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Genetic Information as Fashionable Fetish

Posted by Jesse Reynolds on January 31st, 2008

Davos, Switzerland

The blog of T Magazine, the New York Times' publication on "fashion, design, food, and travel," reports that, at the World Economic Forum:

this year's must-have Davos accessory is a personal DNA map, which provides the ultimate knowledge of personal style by determining just what traits you may or may not possess - from cancer to attached earlobes to what? A weakness for cashmere?
Yes, genome scans offered by the well-connected 23andMe are now a fashionable fetish among the world's elite. The blogger concludes:
The thought of what's gone on at Davos - mapping the genome of hundreds of the world's most powerful people all in one week - raises a number of questions: Will connected comparisons reveal a greed gene? Is there a causal link between teaching economics and baldness? Never mind the legal, moral, ethical, risk and privacy implications; mixing science with genomics with social networks will likely provide an information cocktail too potent to ignore.
Update: 23andMe apparently distributed one thousand free kits to the world's elite at the Davos gathering - a wise marketing tool, indeed.

The New Republic Asks Whether Baseball is Already Losing the Next Doping Battle

Posted by Osagie Obasogie on January 29th, 2008

Senator George Mitchell's 20 month investigation and subsequent report on the use of steroids, HGH, and other performance enhancers in baseball has rocked the sport to its knees. The proverbial asterisks no longer belongs solely to Barry Bonds, as fan favorites such as Miguel Tejada and Roger Clemens are also on the long list of players who are suspected of cheating their way to the top. But the folks over at The New Republic blog have shifted the focus of baseball's scrutiny from past to future by asking whether the sport is already losing the next big doping battle. In addition to the medical exemption loophole and the growth of HGH use in the absence of any tests to detect it, TNR takes a good look at gene doping, noting

This is the most speculative, but far-reaching, cheating strategy on the horizon: the possibility of using gene therapy to improve athletic performance. It's certainly unrealistic to expect baseball to have any well-defined strategy yet for dealin­g with it, but when Rep. Mark Souder (R-Ind.) asked [Major League Baseball Commissioner Bud] Selig about it, Selig seemed not to understand what Souder was talking about. He asked Souder to repeat the question three times, and then gave a brief, generic answer about baseball having hired the best anti-doping doctors in the country. This doesn't inspire much confidence that baseball will be ahead of the curve.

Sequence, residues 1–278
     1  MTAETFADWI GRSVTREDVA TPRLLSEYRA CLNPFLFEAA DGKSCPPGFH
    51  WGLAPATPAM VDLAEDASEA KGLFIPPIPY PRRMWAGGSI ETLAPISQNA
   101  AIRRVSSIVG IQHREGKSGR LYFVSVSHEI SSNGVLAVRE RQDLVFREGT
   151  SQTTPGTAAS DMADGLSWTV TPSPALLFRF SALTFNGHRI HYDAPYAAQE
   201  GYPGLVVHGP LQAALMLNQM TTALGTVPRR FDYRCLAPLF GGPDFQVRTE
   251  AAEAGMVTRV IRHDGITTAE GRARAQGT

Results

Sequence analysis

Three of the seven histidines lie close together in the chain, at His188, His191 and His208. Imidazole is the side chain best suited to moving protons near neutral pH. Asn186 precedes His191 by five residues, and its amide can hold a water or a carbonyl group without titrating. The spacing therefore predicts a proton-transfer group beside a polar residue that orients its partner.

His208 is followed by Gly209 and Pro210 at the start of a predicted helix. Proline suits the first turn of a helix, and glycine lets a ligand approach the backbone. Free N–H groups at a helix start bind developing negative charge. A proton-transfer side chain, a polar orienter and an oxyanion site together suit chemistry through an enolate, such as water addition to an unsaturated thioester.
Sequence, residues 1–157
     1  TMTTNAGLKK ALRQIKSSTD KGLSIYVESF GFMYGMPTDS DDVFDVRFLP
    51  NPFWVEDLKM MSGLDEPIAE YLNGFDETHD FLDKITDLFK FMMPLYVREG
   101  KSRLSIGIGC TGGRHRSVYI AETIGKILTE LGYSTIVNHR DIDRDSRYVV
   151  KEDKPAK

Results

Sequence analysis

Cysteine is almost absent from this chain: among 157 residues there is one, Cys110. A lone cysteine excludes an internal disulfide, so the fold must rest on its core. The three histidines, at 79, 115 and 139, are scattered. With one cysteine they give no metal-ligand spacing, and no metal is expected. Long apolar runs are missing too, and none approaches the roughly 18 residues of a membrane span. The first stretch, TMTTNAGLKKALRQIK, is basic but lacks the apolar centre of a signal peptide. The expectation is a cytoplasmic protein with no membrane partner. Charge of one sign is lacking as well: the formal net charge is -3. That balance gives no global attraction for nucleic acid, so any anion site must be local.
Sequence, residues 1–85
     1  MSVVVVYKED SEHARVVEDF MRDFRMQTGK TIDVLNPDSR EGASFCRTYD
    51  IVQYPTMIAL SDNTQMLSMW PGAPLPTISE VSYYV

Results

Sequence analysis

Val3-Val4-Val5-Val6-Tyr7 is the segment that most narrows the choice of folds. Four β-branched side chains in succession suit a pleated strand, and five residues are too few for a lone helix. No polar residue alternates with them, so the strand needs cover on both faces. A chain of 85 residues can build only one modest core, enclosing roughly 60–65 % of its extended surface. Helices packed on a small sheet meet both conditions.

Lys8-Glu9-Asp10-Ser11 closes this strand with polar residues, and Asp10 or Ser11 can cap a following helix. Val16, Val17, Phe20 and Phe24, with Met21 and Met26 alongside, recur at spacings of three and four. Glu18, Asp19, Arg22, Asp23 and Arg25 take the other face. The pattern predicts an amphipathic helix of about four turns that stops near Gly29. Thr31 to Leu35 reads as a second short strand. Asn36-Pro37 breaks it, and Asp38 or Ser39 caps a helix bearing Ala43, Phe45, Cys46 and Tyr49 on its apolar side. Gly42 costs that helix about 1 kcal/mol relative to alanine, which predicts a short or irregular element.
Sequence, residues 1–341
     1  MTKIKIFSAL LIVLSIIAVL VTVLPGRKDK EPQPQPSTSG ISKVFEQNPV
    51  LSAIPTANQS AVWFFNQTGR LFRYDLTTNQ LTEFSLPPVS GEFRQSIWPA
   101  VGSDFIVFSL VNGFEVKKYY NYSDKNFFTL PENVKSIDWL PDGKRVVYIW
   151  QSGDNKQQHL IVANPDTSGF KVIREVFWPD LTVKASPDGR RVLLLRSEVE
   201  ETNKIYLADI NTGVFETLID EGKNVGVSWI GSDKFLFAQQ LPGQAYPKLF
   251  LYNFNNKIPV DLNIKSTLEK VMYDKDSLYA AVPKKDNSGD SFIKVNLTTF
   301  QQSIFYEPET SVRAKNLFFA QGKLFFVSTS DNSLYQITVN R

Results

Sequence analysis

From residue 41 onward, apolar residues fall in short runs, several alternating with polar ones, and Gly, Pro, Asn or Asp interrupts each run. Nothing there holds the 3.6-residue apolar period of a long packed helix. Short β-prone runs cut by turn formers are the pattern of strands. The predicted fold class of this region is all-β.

Synbio researcher: Synthetic human genome could be used in cloning by 2014

Posted by Marcy Darnovsky on January 24th, 2008

Dozens of news articles (1, 2, 3, 4) are reporting on today's publication in Science of another step toward the creation of artificial life.

According to Wired News, J. Craig Venter, president of the J. Craig Venter Institute where scientists performed the study, said in a teleconference today, "We consider this the second in our three-step process to create the first synthetic organism…What remains now that we have this complete synthetic chromosome…is to boot this up in a cell."

Also reported by Wired are remarks by synthetic biologist Christopher Voigt, who explains that plans call for researchers to "scale up from the simplest organisms to the most complex: human beings." Voigt estimates "that a synthetic human genome - which could be used in human cloning research - could be created by 2014."

In response, the ETC Group renewed its call for a moratorium on the release and commercialization of synthetic organisms. From its press statement:

Venter is claiming bragging rights to the world's longest length of synthetic DNA, but size isn't everything. The important question is not 'how long?' but 'how wise?'

While synthetic biology is speeding ahead in the lab and in the marketplace, societal debate and regulatory oversight is stalled and there has been no meaningful or inclusive discussion on how to govern synthetic biology in a safe and just way. In the absence of democratic oversight profiteering industrialists are tinkering with the building blocks of life for their own private gain. We regard that as unacceptable.

Financial analysts' advice on California stem cell research

Posted by Marcy Darnovsky on January 24th, 2008

Citing the Golden State's $14-billion budget shortfall, an editorial in Investor's Business Daily invites Californians to "revisit their decision to borrow $3 billion for a research effort driven more by politics than science" and to "save themselves a good deal of money by winding the program down."

Yes, the financial pundits are talking about Proposition 71, the 2004 stem cell research initiative. They quote Biopolitical Times blogger and CGS stem cell policy expert Jesse Reynolds, who "says he doubts if Proposition 71 would pass if it were on the ballot today." The editorial continues:

The proposition succeeded, Reynolds says, "because of the political shine of embryonic stem cell research . . . It was like a magic bullet aimed at Washington."

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